The 2021 Fair Oaks Summer Fairy Tale Group
By Marion Donehower
“When did it happen?
Where did it happen?
Did it happen at all?
Is it happening now?”
“All fairy tales are dreams from a distant homeland everywhere and nowhere.”
I already had a close connection with fairy tales, especially the Grimm’s collection. My parents read them every night to me, and it certainly supported my childhood in Germany after the war where everything was destroyed and chaotic. This moment every night created stability and safety as I lay in my tiny wooden room with a big window that looked out on a secret garden.
In my training as a Jungian sandplay therapist, I studied symbols from all over the world – and I also studied Marie Louise von Franz and her thoughts on symbols in fairy tales.
Through studying Rudolf Steiner, I was excited to learn that fairy tales create a connection between the outer world of senses and thinking and the inner knowledge of the spiritual world.
In our modern world, we survive through abstract thinking, but we can overcome this one-sided abstract thinking and transform it into a flowing and living thinking. We must embody this living thinking by means of art and meditation.
This summer during the time of Covid we started a fairy tale group on my porch. We all felt that the group supported us in this time through the exploration of fairy tales. As anthroposophists, we all knew that Steiner said that fairy tales were healing and that they help to build a solid foundation for human development. We pondered his remarks that we would come through fairy tales to the pure imagination. Steiner points out that we need clear thinking as an important tool to create structured imagination, because otherwise we are in danger to be lost in fantasy.
“. . . fairy tales can help counter illnesses . . .” – Rudolf Steiner
So how can we create that true imaginative picture that we want to come to?
As we met as a group, we all picked a fairy tale – not too long or short – that we presented to the group. Afterwards we sat for a while in silence and let the tale sink into our being. This can happen more easily in a calm and pleasant environment.
It is helpful to hear the fairy tale aloud. To avoid over analysis of the tale, it is good to hear the tale at night near time of sleep. Thanks to Rudolf Steiner, we are all familiar with the time between waking and sleeping. This time in between is one of great relaxation. Before going to sleep we can experience a heaviness and a lightness. We are still able to think and to hear a fairy tale. After listening to the fairy tale, we can fill our mind with pictures and then experience the afterglow that Steiner points to in his description of the Rose Cross Meditation. Steiner tells us that this is the time when the real meditation occurs. The after-effect is created during stillness of the mind and the calming of analytical thought. The same happens with the fairy tale as with the Rose Cross Meditation. We can create the after effect in a quiet moment of meditation.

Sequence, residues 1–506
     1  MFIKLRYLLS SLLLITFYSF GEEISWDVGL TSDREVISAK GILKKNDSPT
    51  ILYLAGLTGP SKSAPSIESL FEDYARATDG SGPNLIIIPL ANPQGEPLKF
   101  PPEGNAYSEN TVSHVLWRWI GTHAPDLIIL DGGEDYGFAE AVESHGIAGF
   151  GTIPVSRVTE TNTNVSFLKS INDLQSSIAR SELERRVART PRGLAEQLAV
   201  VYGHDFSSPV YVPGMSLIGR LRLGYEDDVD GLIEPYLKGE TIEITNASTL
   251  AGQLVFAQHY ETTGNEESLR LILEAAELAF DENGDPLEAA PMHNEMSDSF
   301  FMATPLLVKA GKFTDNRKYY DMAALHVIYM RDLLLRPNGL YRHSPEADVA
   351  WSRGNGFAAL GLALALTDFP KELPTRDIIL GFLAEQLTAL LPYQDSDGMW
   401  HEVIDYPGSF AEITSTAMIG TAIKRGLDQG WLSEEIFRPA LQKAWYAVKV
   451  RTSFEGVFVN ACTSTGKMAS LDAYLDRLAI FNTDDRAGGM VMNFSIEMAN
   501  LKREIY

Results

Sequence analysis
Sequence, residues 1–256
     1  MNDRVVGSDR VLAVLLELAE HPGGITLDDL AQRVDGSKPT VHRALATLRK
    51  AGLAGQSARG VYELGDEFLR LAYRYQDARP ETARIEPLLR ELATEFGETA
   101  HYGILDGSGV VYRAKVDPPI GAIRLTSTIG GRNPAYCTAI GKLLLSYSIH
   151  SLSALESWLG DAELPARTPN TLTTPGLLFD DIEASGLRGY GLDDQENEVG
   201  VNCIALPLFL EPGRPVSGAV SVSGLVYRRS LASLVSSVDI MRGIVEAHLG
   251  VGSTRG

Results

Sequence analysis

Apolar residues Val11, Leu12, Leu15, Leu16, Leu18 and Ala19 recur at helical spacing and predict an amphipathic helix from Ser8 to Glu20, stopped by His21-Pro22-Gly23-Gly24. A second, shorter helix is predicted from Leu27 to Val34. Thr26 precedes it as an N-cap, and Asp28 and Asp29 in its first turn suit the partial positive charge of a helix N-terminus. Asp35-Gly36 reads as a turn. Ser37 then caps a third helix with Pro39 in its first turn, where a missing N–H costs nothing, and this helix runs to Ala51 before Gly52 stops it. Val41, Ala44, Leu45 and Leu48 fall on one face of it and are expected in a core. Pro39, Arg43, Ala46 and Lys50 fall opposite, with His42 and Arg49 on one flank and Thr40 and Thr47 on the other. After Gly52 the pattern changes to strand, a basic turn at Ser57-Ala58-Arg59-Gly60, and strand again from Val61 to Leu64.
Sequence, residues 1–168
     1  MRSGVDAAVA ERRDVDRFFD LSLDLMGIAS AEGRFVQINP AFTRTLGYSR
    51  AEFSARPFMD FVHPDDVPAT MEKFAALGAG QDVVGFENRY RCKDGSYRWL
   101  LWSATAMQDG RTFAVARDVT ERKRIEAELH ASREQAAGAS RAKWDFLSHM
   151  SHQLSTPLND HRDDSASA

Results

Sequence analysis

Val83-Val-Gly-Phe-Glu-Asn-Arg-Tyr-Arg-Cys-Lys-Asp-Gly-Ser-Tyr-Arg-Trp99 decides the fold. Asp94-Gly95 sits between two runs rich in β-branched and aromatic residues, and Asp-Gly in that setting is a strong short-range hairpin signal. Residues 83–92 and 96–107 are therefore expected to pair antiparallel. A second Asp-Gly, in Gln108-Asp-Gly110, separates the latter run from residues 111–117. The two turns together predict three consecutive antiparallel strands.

I believe that it is wonderful that the children in the Waldorf School hear the fairy tale several times. It is also helpful for adults to hear the story repeatedly. It becomes like a close friend.
In our fairy tale group, we read the fairy tales for meditation and for their value in a social gathering. I discovered that this is a perfect tool for a social event. Before our group, I never knew that fairy tales bring out laughter and humor. We certainly do not analyze or add too many ideas – we let the fairy tale flow and sink in. We also have very humorous discussion: for example, why is the devil’s grandmother so nice and her grandson so nasty? Does the devil have more than three golden hairs? This kind of discussion is a wonderful respite from a world in turmoil.
“My time of fairy tale reading from age eight to ten coincided with the experience of the air raids of the second world war. In the air raid shelter as the bombs were exploding all around, a fear arose in me for everything that made up my world – my parents, my brothers and sisters, my house. I sat and read fairy tales, gruesome ones too, against the fear. They helped me because they were conscious of evil and did not belittle or disguise it, but nevertheless were able to pit stronger forces against it. They were in touch with evil and showed me saving powers that broke its spell.”
— Ingrid Riedel, from Witches, Ogres, and Devil’s Daughter